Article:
Not sure if he thinks he's the hero...or if he just really resembles a Futurama meme.
He interviews the workers who are cleaning up the ripped up power equipment and even suggests that it could be a giant gorilla, because that's likely. But really it's just because he's a dickhead and he's mocking the worker. That is until he gets into his car and notices it's been bitten in half. Not he's super cereal about catching whatever did all of this. The giant eats the rest of his car while he tries to get someone to see the damage and we all laugh at his misfortune, as he's an unlikable douche. Moving on to a character we like, Hogarth decides he's going to find the giant himself, bringing out some metal to lure it with and a camera to take a photo of it. It works, as it shows up to take it from him while he dozes off in the forest, and he wakes up to see it standing over him. He runs away, it slowly follows him, he runs into a branch, it sits down with him and they become friends when it shows him it remembers him saving it, despite having forgotten most everything else due to a bump on its head.

A friendship built on head trauma personally gives me a bit of a migraine.
Things seem cool, until it eats some train tracks and the kid tells him to fix them before the train wrecks. This results in the giant getting wrecked instead, but it does manage to fix the tracks just fine. Thinking he lost his new large friend, Hogarth gets a surprise when a hand shows up during dinner. He stashes the various reassembling pieces in the barn where they get to know each other better while the kid reads comics to the giant. The giant seems to dig them (especially Superman) but gets a bit uncomfortable with a monstrous robot shown in the comics. Hogarth tells him that he's what he wants to be, highlighting that free will makes us what we are, not anything else. The Iron Giant decides he wants to be Superman.

You've gotta admire someone who aims high, even if the S is a bit crooked.
As the douchey agent begins sniffing around the house, Hogarth gets Dean in on the big secret, leading the cool beatnik artist who owns a scrapyard letting the giant stay there, where he even fools everyone into thinking the giant robot monster that Agent Mansley is chasing is nothing more than an elaborate metal sculpture he made, as he makes those. The giant also learns the tragic concept of death after seeing a dead deer who was killed by some hunters, which leads to the giant hating guns. This is great, except while playing the giant sprouts some guns of his own and nearly kills Hogarth without even meaning to. After Dean saves the kid, he yells for the giant to leave but soon realizes that it was only acting defensively because of the toy gun.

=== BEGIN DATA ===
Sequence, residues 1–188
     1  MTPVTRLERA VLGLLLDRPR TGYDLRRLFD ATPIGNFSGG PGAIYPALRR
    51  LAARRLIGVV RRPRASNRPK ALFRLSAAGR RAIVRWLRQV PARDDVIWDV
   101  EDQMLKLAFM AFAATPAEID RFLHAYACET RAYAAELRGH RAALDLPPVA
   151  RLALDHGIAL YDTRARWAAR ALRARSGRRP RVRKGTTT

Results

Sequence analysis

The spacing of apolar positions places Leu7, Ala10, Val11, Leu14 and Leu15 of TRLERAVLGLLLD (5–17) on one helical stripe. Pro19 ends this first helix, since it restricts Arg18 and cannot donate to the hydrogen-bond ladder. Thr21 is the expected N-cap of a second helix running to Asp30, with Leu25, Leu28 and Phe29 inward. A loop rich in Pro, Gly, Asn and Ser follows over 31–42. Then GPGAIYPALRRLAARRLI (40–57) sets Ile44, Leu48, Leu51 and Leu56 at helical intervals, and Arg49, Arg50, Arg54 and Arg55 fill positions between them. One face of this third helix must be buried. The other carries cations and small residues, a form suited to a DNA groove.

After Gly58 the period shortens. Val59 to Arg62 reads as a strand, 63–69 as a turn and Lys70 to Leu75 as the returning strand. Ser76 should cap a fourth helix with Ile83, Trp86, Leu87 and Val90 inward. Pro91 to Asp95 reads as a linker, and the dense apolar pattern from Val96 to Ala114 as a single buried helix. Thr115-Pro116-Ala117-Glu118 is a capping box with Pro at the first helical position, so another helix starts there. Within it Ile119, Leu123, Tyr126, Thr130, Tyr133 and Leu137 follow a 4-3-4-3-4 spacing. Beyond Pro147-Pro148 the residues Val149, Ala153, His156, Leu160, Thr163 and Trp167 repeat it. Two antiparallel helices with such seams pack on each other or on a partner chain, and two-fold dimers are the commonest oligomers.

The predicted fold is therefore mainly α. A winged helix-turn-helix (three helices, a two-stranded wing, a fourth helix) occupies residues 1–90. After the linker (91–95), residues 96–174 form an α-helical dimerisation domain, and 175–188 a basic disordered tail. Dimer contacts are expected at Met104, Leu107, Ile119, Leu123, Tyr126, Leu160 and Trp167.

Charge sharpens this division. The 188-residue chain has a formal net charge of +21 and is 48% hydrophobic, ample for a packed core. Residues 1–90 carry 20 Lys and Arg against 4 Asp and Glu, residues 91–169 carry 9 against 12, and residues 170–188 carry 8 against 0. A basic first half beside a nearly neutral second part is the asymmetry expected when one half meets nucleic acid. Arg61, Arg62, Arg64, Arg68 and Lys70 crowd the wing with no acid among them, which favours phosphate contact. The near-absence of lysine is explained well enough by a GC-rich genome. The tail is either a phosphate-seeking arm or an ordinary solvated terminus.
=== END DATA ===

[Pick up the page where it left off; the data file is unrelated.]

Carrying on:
When will the world learn the true menace of the toy gun?
The Iron Giant not long after ends up saving two children from death via gravity in front of a large group of onlookers, which gets the Amry's attention and results in them attacking the giant. After being hit with a missile, Hogarth is knocked out and the giant believes him dead, turning his own weapons on those who killed his friend. Agent Dickhead lies to the general, saying the giant killed the kid, convincing him to launch a nuke at it. But Hogarth wakes up, calms his giant friend down, and Mansley is shown to be the lying sack of shit we all know him to be. The general attempts to stop the missile launch but Agent Douche orders it anyway, basically dooming everyone there. He tries to run, which the giant stops in a rather amusing fashion, and then our titular hero does Superman proud and launches into the air to stop the nuke, saving everyone at the cost of his own life. But not really, as we see the last remaining piece that Hogarth was allowed to hold on to starts blinking and moving, telling him (and us) that the giant is alive and rebuilding himself in the ocean depths. Huzzah! Dean also hooks up with the kid's mom, so all's well that ends well.

He also gets a shiny statue in his honour like Superman because we thought both of them died.
This movie is beautiful. I couldn't tear it down if I tried, because what was done here is just glourious to behold. Brad Bird and his team made a tribute to old giant monster movies where the monster decided it wanted to be the hero instead, and I love that so damn much. The story really gets me, because I think all of us weird kids had that period of time where we felt alone and would really like to just have a friend who would watch out for us. A big cool awesome friend who hung on our every word. To Hogarth, that's what Iron Giant really is. It's not a monster or a threat, it's a big best buddy who he loves hanging with. I dig that immensely. And not just that, I love the characters in this movie. From Dean being the cool dude you wish you could be to the crazy hot mom who works her ass off to raise a kid who keeps bringing home strays, this movies is built just as much on the little people as it is on the giant himself.

Even Mansley, as he's just that guy you like to hate. I could kick him in the crotch all day and never tire of it.
The Iron Giant, as a film, is a pure work of art in all respects and there's a reason people still love it so much to this day. All the actors were great in their parts, bringing each character to life beautifully. And that includes Vin Diesel, who voiced the Iron Giant and helped bring the metal man to life. A lot of people hate on Diesel as an actor, but I honestly like him in more than a few of his roles and feel like he really does try his best to bring emotion into the characters he plays. This right here is the role that really lead to him getting to play Groot and it shows, because a little says a lot with both characters. It's no easy challenge to voice act and I really think he did a great job. I could hoenstly sit here and gush for paragraphs about my love for this movie and how it makes me feel joy every time I view it. I could talk about how I'd love to shake brad Bird's hand for bringing this story to life on the screen. I could even keep commenting on the amazing animation that weaves 2D and 3D into a near-seamless package. But you all know all that if you've seen the movie. And if you haven't seen it, quit wasting time and go do so. You owe it to yourself. So, until Brad Bird shows up riding on a giant robot Vin Diesel to whisk me off on an adventure, I'll be here preparing myself for something a lot less fun. Later days, bleeders.

By the way, did I mention the mother was hot? Because wow.